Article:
'Bognoring': Poet-in-Residence Stella Bahin
On Wednesday July 26, BlakeFest 2017 Poet-in-Residence, Stella Bahin, went what she subsequently termed, Bognoring. That is, she took a train from her home town, Portsmouth, to Barnham. Tapped on the INFORMATION door of the station and asked the official who emerged, “Bognor?” “Yes, a lovely seaside resort!” he replied with deliberate, jocular, misunderstanding of what she was asking. Before telling her, as was her point, which platform she needed for the train to take her there. “Platform three.”
Lovely, Bognor is, indeed. Stella had visited Bognor before, but always formerly by car, and had not previously spotted Bognor Regis station’s domed and pinnacle-topped tower, or the Grade II listed cinema opposite, that looked, invitingly, as if it must still employ staff in smart traditional uniforms selling tubs of ice cream; a place of many, many, nervous, first dates, and undoubtedly blockbuster queues to see John Travolta and Olivia Newton-John, Fred Astaire and Ginger Rogers, she imagined. Quiet, this summer-showery, blustery, mid-afternoon.
Stella was meeting BlakeFest Director, Rachel Searle; Exhibition Curator, Mikey Georgeson; Organiser, Sedge Seymour and Sedge’s young son. A short stroll from the station, they convened at Bognor Library where the BlakeFest Exhibition and pre-exhibition are soon to run, with a multi-sensory art installation by Mikey for one. They peered into the first floor display cabinet which will be available for the festival, imagining Blake’s spectacles within it and other Blake-related artefacts. They eyed the large room booked for the exhibition, envisaging its BlakeFest usage by its visitors. They talked, intently. Mikey, who’d arrived earlier for Bognoring of his own, had to run for the train he needed to catch home to Horsham.
Next, Sedge’s son suggested those remaining take their pre-planned meal together at Hotham Park Café, and Stella borrowed Sedge’s large-for-her bike to view the beautiful, finely-cultivated park ahead. On wheels, she was delighted to see Hotham Park’s wonders include a train, a boating lake, a Mad Hatter’s Tea Party table with chairs all carved in wood, and the ceramic art piece, Cold Frames, the installation of which had been commissioned by Rachel. The generous meals at the café were also much enjoyed by all four of them. Afterwards, Sedge and his son headed off.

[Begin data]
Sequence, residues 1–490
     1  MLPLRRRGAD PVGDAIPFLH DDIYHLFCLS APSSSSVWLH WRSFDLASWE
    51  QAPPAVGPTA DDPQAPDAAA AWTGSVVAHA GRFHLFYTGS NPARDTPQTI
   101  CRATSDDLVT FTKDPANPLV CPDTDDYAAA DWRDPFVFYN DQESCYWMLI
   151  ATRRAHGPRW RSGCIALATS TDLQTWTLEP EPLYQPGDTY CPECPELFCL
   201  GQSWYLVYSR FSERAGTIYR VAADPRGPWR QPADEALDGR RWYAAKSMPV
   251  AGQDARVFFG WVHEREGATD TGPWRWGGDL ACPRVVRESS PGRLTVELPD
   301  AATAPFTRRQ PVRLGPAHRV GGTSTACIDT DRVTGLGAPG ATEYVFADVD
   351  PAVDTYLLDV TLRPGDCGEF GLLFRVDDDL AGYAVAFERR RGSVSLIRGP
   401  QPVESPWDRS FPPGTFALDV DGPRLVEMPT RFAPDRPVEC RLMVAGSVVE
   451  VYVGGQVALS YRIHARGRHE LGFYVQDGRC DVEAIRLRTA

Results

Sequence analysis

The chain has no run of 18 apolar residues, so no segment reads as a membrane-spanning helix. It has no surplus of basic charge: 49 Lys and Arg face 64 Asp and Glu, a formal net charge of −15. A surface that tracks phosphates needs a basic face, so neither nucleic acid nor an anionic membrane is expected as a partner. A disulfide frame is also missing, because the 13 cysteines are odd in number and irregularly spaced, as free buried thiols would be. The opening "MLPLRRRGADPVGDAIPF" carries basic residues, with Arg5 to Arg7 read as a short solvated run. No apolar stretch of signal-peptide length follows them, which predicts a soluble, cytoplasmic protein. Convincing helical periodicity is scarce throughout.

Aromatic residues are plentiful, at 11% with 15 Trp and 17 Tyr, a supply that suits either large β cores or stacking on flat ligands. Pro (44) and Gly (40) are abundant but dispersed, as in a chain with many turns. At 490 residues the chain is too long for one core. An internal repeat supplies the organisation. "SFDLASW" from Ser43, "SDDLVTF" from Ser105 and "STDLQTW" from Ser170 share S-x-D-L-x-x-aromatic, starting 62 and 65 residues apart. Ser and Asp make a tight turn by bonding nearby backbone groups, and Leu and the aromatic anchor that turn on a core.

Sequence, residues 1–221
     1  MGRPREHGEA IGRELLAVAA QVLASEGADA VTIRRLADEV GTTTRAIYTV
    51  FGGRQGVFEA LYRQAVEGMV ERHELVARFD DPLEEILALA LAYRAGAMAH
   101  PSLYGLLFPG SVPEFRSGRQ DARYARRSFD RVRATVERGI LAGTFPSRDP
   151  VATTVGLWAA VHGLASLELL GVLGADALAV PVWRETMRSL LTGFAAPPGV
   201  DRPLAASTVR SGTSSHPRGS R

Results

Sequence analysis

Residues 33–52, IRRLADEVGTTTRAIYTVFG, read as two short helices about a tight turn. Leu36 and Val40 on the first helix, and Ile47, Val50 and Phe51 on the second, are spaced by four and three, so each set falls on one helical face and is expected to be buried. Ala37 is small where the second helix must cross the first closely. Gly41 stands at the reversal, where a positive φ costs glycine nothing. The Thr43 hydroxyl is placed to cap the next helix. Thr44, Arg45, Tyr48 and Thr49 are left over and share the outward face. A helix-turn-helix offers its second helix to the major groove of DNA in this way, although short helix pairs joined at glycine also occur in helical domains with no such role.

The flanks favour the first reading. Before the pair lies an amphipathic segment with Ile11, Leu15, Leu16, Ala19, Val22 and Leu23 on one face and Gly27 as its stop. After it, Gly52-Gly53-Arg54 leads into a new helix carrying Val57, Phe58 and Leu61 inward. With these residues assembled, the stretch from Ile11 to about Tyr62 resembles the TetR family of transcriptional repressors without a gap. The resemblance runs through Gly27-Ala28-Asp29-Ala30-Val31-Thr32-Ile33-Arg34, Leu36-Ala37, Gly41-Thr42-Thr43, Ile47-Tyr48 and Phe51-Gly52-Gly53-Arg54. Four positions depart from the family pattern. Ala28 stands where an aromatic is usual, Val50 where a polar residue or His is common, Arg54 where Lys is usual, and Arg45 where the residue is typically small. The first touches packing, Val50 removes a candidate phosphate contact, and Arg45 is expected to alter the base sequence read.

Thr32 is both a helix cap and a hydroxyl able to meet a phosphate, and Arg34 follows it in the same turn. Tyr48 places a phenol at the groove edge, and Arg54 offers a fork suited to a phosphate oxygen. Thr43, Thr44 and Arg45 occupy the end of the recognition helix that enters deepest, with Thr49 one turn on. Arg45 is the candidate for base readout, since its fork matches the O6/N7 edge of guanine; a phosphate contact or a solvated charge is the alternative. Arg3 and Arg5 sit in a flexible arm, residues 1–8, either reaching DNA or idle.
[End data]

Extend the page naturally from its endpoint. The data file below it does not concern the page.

Rachel then showed Stella past the Hotham Park iron gates decorated with designs provided by local schoolchildren, past The Ice House and a short drive in her sporty vintage car away – Blake’s Cottage. Rachel described how the streets and view would’ve looked when Blake lived there, a figure to be heard going his way cheerfully singing. Rachel pointed out the place nearby where a field still lay that had previously been under threat of being built upon and forever lost. Rachel’s impassioned involvement in a successful campaigned to conserve this field – as a precious relic of Blake’s ‘green and pleasant land’ – was how Rachel had come to be actively involved in all things Blakeian, she explained. She had told Stella this before, but there, on the spot, with a fragment of Blake’s song almost on the breeze, well. That Bognored the information home.
Rachel then took Stella to her house, a mere few streets from Blake’s Cottage and together they perused prints of Blake’s artwork and books about him. They returned to the station together with Rachel’s lovely lively labradors via the windy seafront, with the low tide showing stretches of seagull-lined sand. Worlds under webbed feet. Past the information centre with bold Blakeian posters about the forthcoming festival on September 16 and 17, stopping at The Hothampton Arms for a pint. And they chatted, and thought, and planned Bognoring for BlakeFest together until Stella took the train back to Portsmouth.